Your Christmas Shopping for a Song

Date posted: 04-Dec-2017

Aka - The Grand Christmas Shopping Expedition to Tiritiri Matangi Island Shop Dreading..

2018 Photo Comp opens for entries

Date posted: 27-Nov-2017

The 2018 Photo Competition is now open for entries. Click here (/2018-photo-competition-tiritiri-mat..

New reports on ruru nesting and Island conservation

Date posted: 02-Oct-2017

Two new reports have been added to the website. The first gives details of a summer students..

2018 calendars now available

Date posted: 27-Sep-2017

Our latest calendar, beautifully illustrated with images taken on the Island, is now available fo..

Guided walks for photographers

Date posted: 21-Jun-2017

For a wonderful day of wildlife photography please join us on Tiritiri Matangi Island for a Ph..

Ferry discounts for Supporters

Date posted: 18-May-2017

Tiritiri Matangi Island, the perfect winter's day trip. The birds are at their best, warm up w..

More kiwi for the Island

Date posted: 04-Apr-2017

In 1993 and 1995, sixteen little spotted kiwi were released on Tiritiri Matangi Island. The ma..

2017 Photo Competition

Date posted: 22-Mar-2017

It is that time of year again when we are looking for entries for our photo competition (and phot..

The 2017 concert

Date posted: 05-Feb-2017

This year's concert promises to be another wonderful and unique experience. Click here (/concert-..

Shorebird Film Festival at Devonport

Date posted: 26-Oct-2016

Click here (/miscellaneous documents/DevWaderFilms.jpg) for details of a forthcoming film festival c..


Botanical name:  Corynocarpus laevigatus
Maori name:  Karaka
Height:  15 metres

Karaka ripe fruitKaraka is a handsome coastal canopy tree with leathery, glossy green leaves. Flowering is from late winter through spring. The small greenish flowers are perfect five parted and arranged in clusters. The fruit is a large fleshy orange drupe with a nut-like seed inside and ripens from mid summer to autumn.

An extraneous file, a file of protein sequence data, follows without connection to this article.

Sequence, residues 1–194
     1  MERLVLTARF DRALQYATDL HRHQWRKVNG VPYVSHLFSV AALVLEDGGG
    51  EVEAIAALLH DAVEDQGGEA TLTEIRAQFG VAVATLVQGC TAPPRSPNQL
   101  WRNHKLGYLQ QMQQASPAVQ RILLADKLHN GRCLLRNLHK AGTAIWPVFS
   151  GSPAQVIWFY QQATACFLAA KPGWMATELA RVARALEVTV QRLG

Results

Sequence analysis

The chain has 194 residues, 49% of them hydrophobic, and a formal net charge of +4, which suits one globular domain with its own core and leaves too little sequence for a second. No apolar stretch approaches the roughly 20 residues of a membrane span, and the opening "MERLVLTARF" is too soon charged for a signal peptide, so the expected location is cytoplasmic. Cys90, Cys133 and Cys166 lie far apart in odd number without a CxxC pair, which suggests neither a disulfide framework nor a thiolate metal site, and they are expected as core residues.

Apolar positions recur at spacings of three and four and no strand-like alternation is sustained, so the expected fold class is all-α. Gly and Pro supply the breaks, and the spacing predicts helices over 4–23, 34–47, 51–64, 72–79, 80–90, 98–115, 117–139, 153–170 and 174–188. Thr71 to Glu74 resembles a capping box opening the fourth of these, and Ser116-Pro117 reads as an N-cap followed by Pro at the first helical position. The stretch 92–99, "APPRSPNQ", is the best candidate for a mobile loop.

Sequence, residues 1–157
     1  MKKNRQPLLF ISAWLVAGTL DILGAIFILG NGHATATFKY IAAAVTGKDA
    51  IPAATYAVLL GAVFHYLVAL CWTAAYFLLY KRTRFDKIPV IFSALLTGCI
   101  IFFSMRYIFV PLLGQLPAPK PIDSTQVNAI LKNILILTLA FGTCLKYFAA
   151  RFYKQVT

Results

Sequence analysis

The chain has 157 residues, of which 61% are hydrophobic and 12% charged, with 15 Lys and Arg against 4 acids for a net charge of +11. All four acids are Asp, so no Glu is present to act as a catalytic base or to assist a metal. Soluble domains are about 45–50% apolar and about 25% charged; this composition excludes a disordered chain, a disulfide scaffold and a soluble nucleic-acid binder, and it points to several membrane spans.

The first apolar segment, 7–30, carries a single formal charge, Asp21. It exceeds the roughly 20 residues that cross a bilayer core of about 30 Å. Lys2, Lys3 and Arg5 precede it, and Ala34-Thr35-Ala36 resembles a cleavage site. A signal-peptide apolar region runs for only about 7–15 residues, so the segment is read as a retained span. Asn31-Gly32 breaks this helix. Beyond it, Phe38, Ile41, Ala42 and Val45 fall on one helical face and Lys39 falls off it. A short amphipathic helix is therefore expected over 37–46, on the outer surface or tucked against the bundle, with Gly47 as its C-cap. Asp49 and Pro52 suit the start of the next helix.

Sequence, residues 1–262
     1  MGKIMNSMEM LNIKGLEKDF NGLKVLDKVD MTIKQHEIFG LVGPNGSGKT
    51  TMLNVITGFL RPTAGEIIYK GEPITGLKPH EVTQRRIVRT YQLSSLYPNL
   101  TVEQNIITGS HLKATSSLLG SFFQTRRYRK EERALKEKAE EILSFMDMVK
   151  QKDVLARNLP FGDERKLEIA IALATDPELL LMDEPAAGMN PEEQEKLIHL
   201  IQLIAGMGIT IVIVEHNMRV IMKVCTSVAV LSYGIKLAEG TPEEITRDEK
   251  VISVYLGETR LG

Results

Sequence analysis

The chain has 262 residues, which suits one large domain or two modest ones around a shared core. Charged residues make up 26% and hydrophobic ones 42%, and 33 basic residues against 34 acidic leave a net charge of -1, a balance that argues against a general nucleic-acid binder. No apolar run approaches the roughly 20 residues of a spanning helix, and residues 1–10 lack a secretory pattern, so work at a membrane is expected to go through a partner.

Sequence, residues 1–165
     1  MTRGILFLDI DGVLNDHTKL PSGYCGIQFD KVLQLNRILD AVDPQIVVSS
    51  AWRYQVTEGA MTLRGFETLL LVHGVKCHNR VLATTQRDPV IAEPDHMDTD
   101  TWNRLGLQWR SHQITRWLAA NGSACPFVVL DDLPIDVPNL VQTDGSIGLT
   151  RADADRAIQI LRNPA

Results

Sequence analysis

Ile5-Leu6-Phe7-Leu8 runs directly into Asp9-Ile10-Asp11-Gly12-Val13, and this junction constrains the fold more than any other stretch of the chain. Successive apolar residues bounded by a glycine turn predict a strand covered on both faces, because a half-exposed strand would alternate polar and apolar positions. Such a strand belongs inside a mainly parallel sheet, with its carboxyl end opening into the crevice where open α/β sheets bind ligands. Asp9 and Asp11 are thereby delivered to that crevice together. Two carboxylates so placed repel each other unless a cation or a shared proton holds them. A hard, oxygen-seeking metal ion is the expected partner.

The flesh of the fruit is edible and was eaten raw. The fresh kernels are highly toxic if consumed. Nevertheless karaka kernels were of great importance to Maori for food, second only to kumara. Before storing the kernels had to be carefully treated to remove all traces of poison (the alkaloid karakin).
This involved a long process of steaming or baking (up to 2 days) then they were transferred to loosely woven baskets and placed in running water. The baskets were occasionally shaken to remove husks and any remaining pulp. The sundried kernels were then stored. Karaka groves were often established around pa sites.

karakaKaraka fruit was a healthy and nutritious food source. The outer flesh contains the sugars sucrose and glucose, fatty acids and six of the eight essential amino acids. The treated kernels have a food value resembling oatmeal. Karaka leaves were used in traditional Maori medicine as wound dressings and the timber was used to fashion canoe paddles.

The very distinctive fleshy bright orange fruit was used by the Maori people for food. Unless treated properly though the kernel is deadly poisonous.  One of the few native trees cultivated by the Maori people.

Long term canopy tree.

Photography by
Peter Craw © - karaka pannicle (left) and by Neil Davies © (fruit, right)